Tuesday, May 15, 2012

Forgiving, Forgetting, and Moving Forward

Long story short, within two months time, I lost yet another trainer to another company.  Fortunately, though, I'll be seeing Brant when I hit the classes at Camp Gladiator Arena.  I don't blame Brant for leaving, and he felt bad about it since he knew I was just transitioning to his style of training.  For anybody who is trying to lose weight, consistency is very important, and jumping trainer to trainer can be very difficult.  Consistency, though, can end up in boredom if not challenged too.  Luckily, though, my new trainer, Miguel, has made it rather easy for me.  To be honest, I think my two months with Brant was a God thing, since Miguel only started a couple of months ago at 24 Hour Fitness.  Laura, Scott, Matt and Brant, if you ever read this, know this one thing:  Miguel thinks I have impeccable form while training.  :o)  Miguel offers me a "no judgement zone" and I've been able to share things with him that I have not been able to share with many other people.  I have considered writing some deeply personal posts on this blog, but that time is not now, and perhaps those posts will never come.  I sometimes feel people can learn from my past experiences, though, too, no matter how difficult those times were.  Time will only tell.

I have learned a great deal about myself these past few weeks.  I can't say it is just due to the new trainer, but my life is moving in the fast lane these days.  In a matter of two weeks, I finished finals for my spring semester, I took my doctoral qualifying exam, and my boyfriend moved to Italy.  I'm still picking up the pieces - the house is a mess and quite frankly, my life is a mess.  When my boyfriend and I were prayed over at Austin Christian Fellowship a few weeks ago, I honestly believe that God has us in these separate seasons because we each need something different.  I think I know how God wants me to grow, but I'm sure it's going to be much greater than I expect.  For starters, I need to surround myself with goal-orientated, positive people.  To be honest, in my humble opinion and in most cases, people who complain like to put blame on the current situation onto others.  If I complain loud enough, nobody is going to notice when I fail IF I choose to try and fix it.  Yes, some things are out of our jurisdiction of "fixing," but as Mahatma Ghandi said “You must be the change you want to see in the world.”  At the same time, though, as Will Davis, Jr. preached the other week, we must be okay with being forgotten after we die.  I have been trying to pursue a legacy on earth, but the reality is, it does not matter because in 50 years, I will be forgotten.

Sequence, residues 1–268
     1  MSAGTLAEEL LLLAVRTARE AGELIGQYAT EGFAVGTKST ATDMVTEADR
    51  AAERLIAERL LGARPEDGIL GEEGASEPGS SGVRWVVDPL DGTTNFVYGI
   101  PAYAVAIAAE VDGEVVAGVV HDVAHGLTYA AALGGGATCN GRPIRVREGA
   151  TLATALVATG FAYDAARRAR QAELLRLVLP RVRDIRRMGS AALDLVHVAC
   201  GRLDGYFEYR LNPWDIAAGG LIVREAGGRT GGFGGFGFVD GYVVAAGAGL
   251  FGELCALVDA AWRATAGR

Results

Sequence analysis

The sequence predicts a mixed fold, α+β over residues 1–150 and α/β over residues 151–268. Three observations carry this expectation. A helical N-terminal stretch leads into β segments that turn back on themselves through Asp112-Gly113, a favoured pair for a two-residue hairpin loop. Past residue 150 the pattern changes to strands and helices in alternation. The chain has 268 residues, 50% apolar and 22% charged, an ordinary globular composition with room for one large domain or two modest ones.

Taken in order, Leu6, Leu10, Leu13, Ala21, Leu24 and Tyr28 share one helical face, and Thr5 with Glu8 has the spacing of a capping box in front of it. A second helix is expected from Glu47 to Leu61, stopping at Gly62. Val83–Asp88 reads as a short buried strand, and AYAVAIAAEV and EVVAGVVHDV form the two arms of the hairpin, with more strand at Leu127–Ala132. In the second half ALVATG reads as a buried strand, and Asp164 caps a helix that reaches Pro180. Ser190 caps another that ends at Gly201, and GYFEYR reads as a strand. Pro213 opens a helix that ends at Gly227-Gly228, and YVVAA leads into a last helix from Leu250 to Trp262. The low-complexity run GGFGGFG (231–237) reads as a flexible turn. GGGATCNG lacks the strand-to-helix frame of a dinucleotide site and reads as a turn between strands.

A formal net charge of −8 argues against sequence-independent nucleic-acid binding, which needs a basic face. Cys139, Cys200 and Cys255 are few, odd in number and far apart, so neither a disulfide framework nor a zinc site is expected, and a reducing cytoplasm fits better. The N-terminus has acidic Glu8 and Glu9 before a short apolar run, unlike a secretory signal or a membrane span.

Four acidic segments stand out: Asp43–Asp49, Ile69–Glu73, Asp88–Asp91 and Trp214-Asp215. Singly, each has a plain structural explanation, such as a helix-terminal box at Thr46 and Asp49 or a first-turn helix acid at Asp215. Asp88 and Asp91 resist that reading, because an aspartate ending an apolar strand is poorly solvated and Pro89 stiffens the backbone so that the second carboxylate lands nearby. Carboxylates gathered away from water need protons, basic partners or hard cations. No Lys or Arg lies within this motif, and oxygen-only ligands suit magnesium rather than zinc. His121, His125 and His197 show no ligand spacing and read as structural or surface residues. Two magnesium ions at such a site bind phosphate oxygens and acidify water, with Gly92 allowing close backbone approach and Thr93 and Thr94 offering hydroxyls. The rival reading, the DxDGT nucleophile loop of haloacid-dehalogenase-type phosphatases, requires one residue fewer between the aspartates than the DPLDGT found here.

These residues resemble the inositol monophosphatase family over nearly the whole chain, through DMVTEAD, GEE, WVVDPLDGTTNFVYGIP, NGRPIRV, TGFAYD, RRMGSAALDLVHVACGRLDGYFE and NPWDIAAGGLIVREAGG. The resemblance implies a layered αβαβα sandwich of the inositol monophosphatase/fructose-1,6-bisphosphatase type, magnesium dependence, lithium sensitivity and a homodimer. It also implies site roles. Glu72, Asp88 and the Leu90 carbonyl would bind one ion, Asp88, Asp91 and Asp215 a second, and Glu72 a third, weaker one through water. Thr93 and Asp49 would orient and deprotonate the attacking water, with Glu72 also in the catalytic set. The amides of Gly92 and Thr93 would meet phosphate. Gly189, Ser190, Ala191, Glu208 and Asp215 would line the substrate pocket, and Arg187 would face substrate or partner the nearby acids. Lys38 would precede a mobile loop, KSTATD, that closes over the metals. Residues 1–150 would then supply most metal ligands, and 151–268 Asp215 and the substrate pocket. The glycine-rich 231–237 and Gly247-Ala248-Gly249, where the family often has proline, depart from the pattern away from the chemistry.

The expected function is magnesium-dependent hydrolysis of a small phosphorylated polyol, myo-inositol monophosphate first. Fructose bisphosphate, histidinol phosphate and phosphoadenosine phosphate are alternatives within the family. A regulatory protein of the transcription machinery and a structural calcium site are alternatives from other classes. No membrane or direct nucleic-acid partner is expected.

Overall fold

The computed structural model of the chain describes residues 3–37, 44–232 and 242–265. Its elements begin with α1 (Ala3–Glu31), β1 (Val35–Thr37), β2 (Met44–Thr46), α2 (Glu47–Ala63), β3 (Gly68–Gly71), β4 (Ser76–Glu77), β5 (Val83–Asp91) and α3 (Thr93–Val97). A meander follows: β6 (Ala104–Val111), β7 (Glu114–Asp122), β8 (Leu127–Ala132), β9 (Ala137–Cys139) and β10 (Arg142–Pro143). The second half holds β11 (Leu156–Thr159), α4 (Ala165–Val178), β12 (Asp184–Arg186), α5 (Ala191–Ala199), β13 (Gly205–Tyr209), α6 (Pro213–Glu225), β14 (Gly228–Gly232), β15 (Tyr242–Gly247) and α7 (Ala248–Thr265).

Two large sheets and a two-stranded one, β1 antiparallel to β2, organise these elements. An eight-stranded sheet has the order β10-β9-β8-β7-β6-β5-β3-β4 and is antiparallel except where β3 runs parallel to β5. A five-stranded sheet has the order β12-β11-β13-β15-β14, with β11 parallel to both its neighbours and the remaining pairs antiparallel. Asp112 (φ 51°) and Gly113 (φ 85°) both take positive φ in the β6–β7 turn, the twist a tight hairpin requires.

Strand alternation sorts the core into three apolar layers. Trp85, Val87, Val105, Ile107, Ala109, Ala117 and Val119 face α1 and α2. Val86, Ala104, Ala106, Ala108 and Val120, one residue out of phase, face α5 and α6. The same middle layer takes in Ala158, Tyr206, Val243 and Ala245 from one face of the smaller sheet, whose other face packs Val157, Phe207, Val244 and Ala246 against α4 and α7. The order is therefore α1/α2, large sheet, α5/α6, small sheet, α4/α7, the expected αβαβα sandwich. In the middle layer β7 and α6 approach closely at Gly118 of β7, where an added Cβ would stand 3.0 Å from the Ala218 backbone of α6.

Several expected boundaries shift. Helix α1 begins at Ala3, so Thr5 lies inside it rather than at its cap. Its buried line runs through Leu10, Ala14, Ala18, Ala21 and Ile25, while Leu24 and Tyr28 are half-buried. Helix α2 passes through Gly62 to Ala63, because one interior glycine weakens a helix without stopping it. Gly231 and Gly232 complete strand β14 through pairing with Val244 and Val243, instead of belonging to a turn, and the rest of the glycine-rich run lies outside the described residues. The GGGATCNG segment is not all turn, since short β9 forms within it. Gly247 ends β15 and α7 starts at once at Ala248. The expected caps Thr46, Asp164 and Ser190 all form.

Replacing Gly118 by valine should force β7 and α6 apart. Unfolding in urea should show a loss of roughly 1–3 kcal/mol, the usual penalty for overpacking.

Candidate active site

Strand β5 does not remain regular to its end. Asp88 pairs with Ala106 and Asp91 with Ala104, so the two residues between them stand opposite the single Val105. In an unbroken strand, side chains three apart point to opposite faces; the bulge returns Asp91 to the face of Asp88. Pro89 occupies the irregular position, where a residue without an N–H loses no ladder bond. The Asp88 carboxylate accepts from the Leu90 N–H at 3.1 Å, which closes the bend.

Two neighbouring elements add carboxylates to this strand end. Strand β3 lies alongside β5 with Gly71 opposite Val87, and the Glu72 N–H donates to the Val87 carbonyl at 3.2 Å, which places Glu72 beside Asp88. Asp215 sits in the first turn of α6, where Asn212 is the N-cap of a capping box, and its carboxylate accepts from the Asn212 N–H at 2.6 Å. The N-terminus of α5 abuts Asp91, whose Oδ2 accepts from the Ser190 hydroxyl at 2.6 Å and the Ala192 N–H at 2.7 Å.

Ghandi was a wise man, and some of the quotes that still exist should be life lessons.
1.  "There is nothing that wastes the body like worry, and one who has any faith in God should be ashamed to worry about anything whatsoever."  Ouch.
2.  "I like your Christ, I do not like your Christians.  Your Christians are so unlike your Christ."  True.
3.  "Nobody can hurt me without my permission."  Easier said than done.
4.  "The best way to find yourself is to lose yourself in the service of others."  So so true.
5.  "You may never know what results come of your action, but if you do nothing there will be no result."  I think this is my new lifestyle motto.
6.  "The weak can never forgive.  Forgiveness is the attribute of the strong."  Let me further explain.
I started checking out a new small group with my church since the one I co-lead disbanded about a year ago, and now that school is winding down, I can really focus on this area of my life.  At dinner last night, we briefly discussed Philippians 3:13-14, "Brothers and sisters, I do not consider myself yet to have taken hold of it.  But one thing I do:  Forgetting what is behind and straining toward what is ahead, press on toward the goal to win the prize for which God has called me heavenward in Christ Jesus."  You may be curious as to why I bring up this passage while I am talking about Ghandi and forgiveness.  Everybody has heard of the cliche "forgive and forget."  I'm not sure we are supposed to forget.  If your past is holding you from your future, then yes, that is a problem, but I think we also need to learn from our past.  Forgiveness, though, is the first step of forgetting.  And forgiveness, as Ghandi points out, is an "attribute of the strong."  And where do we get our strength?  Through God.  For me, the hardest person to forgive is myself.

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